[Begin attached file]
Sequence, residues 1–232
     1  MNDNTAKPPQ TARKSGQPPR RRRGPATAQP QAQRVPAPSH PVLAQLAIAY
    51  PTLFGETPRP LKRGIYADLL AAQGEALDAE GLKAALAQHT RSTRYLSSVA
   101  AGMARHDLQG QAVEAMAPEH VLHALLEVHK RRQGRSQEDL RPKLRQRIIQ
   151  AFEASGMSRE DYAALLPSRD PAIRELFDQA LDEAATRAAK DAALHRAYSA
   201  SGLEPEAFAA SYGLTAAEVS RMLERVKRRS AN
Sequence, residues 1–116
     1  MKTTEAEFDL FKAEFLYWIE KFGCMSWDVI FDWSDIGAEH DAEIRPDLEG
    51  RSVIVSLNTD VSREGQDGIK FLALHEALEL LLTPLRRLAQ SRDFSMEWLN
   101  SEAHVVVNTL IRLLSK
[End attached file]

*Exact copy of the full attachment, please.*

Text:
Sequence, residues 1–232
     1  MNDNTAKPPQ TARKSGQPPR RRRGPATAQP QAQRVPAPSH PVLAQLAIAY
    51  PTLFGETPRP LKRGIYADLL AAQGEALDAE GLKAALAQHT RSTRYLSSVA
   101  AGMARHDLQG QAVEAMAPEH VLHALLEVHK RRQGRSQEDL RPKLRQRIIQ
   151  AFEASGMSRE DYAALLPSRD PAIRELFDQA LDEAATRAAK DAALHRAYSA
   201  SGLEPEAFAA SYGLTAAEVS RMLERVKRRS AN
Sequence, residues 1–116
     1  MKTTEAEFDL FKAEFLYWIE KFGCMSWDVI FDWSDIGAEH DAEIRPDLEG
    51  RSVIVSLNTD VSREGQDGIK FLALHEALEL LLTPLRRLAQ SRDFSMEWLN
   101  SEAHVVVNTL IRLLSK